United States District Court, M.D. Pennsylvania
RICHARD P. CONABOY, United States District Judge
Lee Johnson, an inmate presently confined at the United
States Penitentiary, Lewisburg, Pennsylvania (USP-Lewisburg),
filed this petition for writ of habeas corpus pursuant to 28
U.S.C. § 2241 in the United States District Court for
the Northern District of Ohio. Petitioner's action was
subsequently transferred to this Court. Service of the
petition was previously ordered.
was arrested on April 19, 2011 on drug related charges in
Sylvania Township, Ohio. While confined on those state
charges, Johnson was indicted on a state robbery charge in
Lucas County, Ohio. The drug charges which led to
Petitioner's initial arrest were later dismissed.
20, 2011 Petitioner was released on bail in his Lucas County
case. On July 8, 2011, Johnson was sentenced to a 17 month
term of imprisonment on unrelated state criminal charges from
Wood County, Ohio. On July 20, 2011, Petitioner was sentenced
to a 2 year term on the Lucas County robbery charge which was
ordered to run concurrently to the Wood County sentence.
serving those sentences, Petitioner was indicted on a bank
robbery charge in the United States District Court for the
Northern District of Ohio. On November 26, 2012, Johnson was
sentenced to a 70 month term of imprisonment by the Northern
District of Ohio. Following completion of his federal
criminal proceedings, Petitioner was returned to Ohio state
custody to complete service his state
was granted parole by the State of Ohio on June 28, 2013 and
was transferred into federal custody. His pending petition
does not challenge the legality of his federal conviction or
sentence. Rather, Johnson maintains that the Federal Bureau
of Prisons (BOP) erred in computing his federal sentence
because it failed to provide him with 7½ months of
good conduct time credits. See id. at p. 4. Johnson
elaborates that he is entitled to credit for 7½ months
of time served in a Ohio state correctional facility
following imposition of his federal sentence.
argues that the petition should be denied because Johnson
failed to exhaust his available administrative remedies and
his sentence was properly computed. See Doc. 10, p.
28, United States Code § 2241, vests the federal
district courts with jurisdiction to grant a writ of habeas
corpus to persons in custody in violation of the
Constitution, laws, or treaties of the United States. 28
U.S.C. § 2241(c)(3). Habeas corpus review under §
2241 “allows a federal prisoner to challenge the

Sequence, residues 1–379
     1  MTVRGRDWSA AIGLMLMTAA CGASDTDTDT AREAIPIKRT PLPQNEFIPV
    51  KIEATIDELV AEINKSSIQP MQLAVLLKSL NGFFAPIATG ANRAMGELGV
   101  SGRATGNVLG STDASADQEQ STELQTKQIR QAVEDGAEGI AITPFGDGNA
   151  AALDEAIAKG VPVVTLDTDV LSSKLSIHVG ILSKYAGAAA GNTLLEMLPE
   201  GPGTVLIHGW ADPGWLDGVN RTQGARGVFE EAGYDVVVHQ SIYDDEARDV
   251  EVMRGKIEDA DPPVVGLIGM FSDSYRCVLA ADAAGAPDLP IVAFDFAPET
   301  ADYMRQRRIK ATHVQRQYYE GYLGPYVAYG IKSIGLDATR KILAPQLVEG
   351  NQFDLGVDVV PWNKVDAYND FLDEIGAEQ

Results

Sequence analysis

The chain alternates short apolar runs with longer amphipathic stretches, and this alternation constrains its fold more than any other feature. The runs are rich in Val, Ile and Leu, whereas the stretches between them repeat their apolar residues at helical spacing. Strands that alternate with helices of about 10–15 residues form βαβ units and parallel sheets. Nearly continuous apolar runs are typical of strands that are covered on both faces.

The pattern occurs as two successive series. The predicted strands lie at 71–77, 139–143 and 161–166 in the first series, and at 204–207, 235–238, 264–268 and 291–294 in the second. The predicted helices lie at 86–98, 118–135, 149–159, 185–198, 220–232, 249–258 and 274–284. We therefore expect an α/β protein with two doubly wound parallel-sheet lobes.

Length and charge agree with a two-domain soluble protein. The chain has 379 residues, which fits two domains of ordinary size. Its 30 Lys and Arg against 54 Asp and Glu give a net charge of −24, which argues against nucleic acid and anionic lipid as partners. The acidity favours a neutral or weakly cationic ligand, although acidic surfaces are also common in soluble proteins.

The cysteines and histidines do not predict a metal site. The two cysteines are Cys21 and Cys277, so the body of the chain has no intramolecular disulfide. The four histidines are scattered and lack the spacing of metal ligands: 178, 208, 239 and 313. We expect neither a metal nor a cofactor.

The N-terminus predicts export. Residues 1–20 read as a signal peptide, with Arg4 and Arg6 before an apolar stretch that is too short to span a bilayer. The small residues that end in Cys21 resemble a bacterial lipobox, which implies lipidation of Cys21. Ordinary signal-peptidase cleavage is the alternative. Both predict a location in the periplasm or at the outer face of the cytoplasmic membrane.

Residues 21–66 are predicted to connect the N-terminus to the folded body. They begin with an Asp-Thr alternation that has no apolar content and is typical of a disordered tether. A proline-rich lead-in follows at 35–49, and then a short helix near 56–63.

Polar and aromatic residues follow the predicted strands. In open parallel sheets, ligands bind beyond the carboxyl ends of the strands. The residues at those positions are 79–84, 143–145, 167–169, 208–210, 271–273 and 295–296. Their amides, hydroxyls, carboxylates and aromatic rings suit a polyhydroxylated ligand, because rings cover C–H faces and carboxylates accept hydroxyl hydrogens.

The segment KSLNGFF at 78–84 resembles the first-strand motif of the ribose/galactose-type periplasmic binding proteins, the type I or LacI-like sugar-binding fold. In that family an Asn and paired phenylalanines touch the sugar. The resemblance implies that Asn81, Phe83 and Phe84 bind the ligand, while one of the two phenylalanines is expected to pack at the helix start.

‘execution' of his sentence.” Woodall v.
Federal Bureau of Prisons, 432 F.3d 235, 241 (3d Cir.
2005). A habeas corpus petition may be brought by a prisoner
who seeks to challenge either the fact or duration of his
confinement in prison. Preiser v. Rodriguez, 411
U.S. 475 (1973), Telford v. Hepting, 980 F.2d 745,
748 (3d Cir.), cert. denied, 510 U.S. 920
habeas relief is available only “where the deprivation
of rights is such that it necessarily impacts the fact or
length of detention.” Leamer v. Fauver, 288
F.3d 532, 540 (3d Cir. 2002). Since Petitioner is alleging
that the BOP failed to properly calculate his federal
sentence, this matter is properly asserted under § 2241.
Respondent contends that according to BOP records although
Johnson filed administrative grievances regarding two
unrelated issues, he failed to seek administrative relief
with respect to his pending claim of improper sentence
calculation. Consequently, Respondent concludes that the
petition is subject to dismissal on the basis of
non-exhaustion. It is noted that although provided with an
opportunity to do so, Petitioner has not filed a reply to the
well-settled that "[a] federal prisoner ordinarily may
not seek habeas corpus relief until he has exhausted all
available administrative remedies." Bradshaw v.
Carlson, 682 F.2d 1050, 1052 (3d Cir. 1981)(emphasis
added)” Porter v. Nussle, 122 S.Ct. 983, 992
(2002); Booth v. Churner, 532 U.S. 731, 741 n. 6
(2001). A party is required to exhaust administrative
remedies before seeking relief in federal court unless
Congress has indicated to the contrary or the available
administrative remedies are inherently inadequate. Young
v. Quinlan,960 F.2d 351, 356 (3d Cir. ...